AMD is coming off the back of a bet-the-company reshuffle of management and strategy. And its nuanced position on processor architecture means we are still waiting for the ARM shoe to drop.
SAN JOSE, Calif. – As Advanced Micro Devices Inc. (Sunnyvale, Calif.) emerges from the management revolution of 2012 it is moving quickly to try and accommodate a computing revolution. Part of the revolution is the Internet of things, which AMD says it plans to address, and that surely means that AMD will be offering ARM-based solutions for embedded applications.
Right now AMD isn't saying too much because it does not want to upstage the launch of its first embedded G-series system-on-chip, which happens to be based on a quad-core x86. But as he briefed me on the device, Arun Iyengar, general manager of Embedded Solutions at AMD, said: "We're going to have both architectures. The G-series SoC happens to be x86 based."
Ten years ago it was graphical acceleration that enabled highly visual, interactive computing and digital consumer entertainment, Iyengar said. Now the phenomenal growth of internet usage and mobile computing is changing the landscape again, enabling pervasive connectivity, cloud computing and storage and the internet of things (IoT). And for people this means computing will effectively disappear into the background and become ambient computing or surround computing, he said.
The transition from PC to smartphone would be followed by the move from smartphone to surround computing and that requires IoT. AMD may have missed the first transition but it intends to focus on IoT he said. The trend towards autonomous machines and machine-to-machine communications will require smarter clients, smarter servers and smarter infrastructure but also new processor architectures, he added in his presentation.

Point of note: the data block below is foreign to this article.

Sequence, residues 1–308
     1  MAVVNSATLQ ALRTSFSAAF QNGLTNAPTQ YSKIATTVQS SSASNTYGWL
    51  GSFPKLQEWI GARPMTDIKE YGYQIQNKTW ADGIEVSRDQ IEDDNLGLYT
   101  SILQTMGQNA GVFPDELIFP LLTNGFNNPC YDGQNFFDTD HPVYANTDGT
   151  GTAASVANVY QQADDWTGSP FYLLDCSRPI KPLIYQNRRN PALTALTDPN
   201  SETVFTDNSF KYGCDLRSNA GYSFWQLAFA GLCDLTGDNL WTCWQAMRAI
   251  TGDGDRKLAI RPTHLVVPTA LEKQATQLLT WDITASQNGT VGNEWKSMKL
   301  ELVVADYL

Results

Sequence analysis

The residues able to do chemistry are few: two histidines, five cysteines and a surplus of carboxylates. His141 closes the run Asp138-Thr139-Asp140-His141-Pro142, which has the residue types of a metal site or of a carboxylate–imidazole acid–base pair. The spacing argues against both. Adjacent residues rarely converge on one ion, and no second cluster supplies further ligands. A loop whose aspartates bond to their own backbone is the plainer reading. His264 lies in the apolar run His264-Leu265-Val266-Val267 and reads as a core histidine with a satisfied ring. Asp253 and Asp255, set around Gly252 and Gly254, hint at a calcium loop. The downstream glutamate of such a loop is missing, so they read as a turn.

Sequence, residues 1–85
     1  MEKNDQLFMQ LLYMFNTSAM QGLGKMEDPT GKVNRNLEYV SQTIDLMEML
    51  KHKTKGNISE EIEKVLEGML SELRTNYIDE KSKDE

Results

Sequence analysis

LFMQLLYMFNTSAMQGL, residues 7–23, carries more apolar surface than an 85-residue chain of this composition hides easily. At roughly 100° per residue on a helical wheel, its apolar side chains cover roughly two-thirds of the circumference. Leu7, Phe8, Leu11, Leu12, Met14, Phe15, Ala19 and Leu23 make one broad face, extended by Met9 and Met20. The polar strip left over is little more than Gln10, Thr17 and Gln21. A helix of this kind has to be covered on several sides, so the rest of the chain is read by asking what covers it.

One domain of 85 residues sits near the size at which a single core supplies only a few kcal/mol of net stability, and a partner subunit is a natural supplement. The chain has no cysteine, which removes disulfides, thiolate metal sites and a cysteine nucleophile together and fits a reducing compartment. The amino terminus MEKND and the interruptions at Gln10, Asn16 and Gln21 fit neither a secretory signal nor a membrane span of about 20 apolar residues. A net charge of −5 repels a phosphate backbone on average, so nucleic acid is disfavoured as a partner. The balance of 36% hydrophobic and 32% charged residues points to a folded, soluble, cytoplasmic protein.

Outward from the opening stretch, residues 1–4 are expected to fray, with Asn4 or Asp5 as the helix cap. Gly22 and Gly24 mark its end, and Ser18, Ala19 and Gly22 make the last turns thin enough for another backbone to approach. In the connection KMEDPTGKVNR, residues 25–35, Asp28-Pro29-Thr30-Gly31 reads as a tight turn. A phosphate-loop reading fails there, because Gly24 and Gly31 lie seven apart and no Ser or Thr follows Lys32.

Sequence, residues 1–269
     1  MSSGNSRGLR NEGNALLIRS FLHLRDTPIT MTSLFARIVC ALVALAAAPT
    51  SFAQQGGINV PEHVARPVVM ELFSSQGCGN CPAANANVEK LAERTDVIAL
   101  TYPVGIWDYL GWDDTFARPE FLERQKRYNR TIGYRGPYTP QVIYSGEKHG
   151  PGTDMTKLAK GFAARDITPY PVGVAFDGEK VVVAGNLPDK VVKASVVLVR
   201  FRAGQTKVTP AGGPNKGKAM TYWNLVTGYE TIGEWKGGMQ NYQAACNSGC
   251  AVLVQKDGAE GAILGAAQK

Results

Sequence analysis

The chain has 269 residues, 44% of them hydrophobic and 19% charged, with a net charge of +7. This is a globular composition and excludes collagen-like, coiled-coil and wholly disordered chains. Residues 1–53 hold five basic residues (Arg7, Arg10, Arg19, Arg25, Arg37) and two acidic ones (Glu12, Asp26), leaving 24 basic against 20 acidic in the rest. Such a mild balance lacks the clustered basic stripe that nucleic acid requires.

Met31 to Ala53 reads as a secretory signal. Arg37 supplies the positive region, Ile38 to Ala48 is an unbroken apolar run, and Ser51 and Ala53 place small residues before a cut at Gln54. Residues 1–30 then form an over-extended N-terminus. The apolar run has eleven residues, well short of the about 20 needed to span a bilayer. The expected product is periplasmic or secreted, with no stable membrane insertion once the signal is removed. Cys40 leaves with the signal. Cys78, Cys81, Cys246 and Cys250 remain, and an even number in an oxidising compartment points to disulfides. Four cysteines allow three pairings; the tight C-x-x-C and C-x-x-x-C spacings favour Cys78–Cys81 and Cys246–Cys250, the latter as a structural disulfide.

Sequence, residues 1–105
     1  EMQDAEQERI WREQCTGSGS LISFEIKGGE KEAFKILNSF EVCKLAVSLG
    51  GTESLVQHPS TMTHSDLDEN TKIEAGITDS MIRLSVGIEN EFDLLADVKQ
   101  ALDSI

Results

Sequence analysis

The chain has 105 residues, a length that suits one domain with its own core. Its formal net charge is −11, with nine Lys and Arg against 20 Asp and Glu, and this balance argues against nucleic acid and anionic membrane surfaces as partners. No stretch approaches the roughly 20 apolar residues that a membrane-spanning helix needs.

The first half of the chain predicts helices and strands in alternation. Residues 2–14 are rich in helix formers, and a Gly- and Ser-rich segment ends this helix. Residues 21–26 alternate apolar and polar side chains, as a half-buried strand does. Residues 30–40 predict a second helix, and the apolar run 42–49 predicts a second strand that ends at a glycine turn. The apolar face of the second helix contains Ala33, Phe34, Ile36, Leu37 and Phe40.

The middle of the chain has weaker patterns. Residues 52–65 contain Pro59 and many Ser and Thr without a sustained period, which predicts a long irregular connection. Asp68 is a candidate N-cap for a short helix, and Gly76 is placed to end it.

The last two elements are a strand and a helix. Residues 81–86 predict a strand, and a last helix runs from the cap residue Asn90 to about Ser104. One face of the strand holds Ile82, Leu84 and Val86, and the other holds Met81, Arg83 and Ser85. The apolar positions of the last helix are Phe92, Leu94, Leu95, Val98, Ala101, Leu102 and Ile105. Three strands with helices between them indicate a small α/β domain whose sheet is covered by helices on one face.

It seems clear that Iyengar's embedded solutions division is going to carry a lot of the burden for change at AMD. In sales terms the goal is for embedded and semi-custom designs to be responsible for 20 percent of AMD revenues in 4Q13 up from 5 percent in 3Q12. That's a big percentage jump but Iyengar must hope it will not be achieved by a further collapse of sales into the personal computer market. At some point thereafter embedded applications will be 40 to 50 percent of AMD's revenue based on dense servers, embedded semi-custom and ultraportable ultralow power ICs.
TrustZone, servers, embedded
It has been known for many years that ARM has been courting AMD, and AMD made two announcements regarding its adoption of the ARM architecture back in 2012. Back in June 2012, AMD said it would use an ARM Cortex-A5 core to add TrustZone security to its accelerated processing units (APUs). The second announcement was in October when AMD said it had taken an ARMv8 license and would design a 64-bit ARM SoC that it would ship as a merchant chip and in its own SeaMicro branded server systems in 2014.
But if AMD is serious about serving the broadest embedded space surely it must also offer ARMv7 ARM cores there? I am not saying that AMD has to go after the crowded vanilla microcontroller market. But differentiating, well-targeted ultra-low power chipsets combining CPU, GPU, wireless digital main course with a mixed-signal side-salad are likely to drive, and make money from, the surround computing of which Iyengar speaks.
Iyengar is non-committal: "The embedded division could use the ARM server technology," he said. Indeed it could. But I expect AMD to make further announcements about the adoption of ARM for use in embedded applications sooner rather than later.
Related links and articles:
DESIGN West: AMD launches SoC embedded attack
AMD to integrate ARM core into APUs
AMD eyes ARM IP, realignment
AMD announces ARM server processors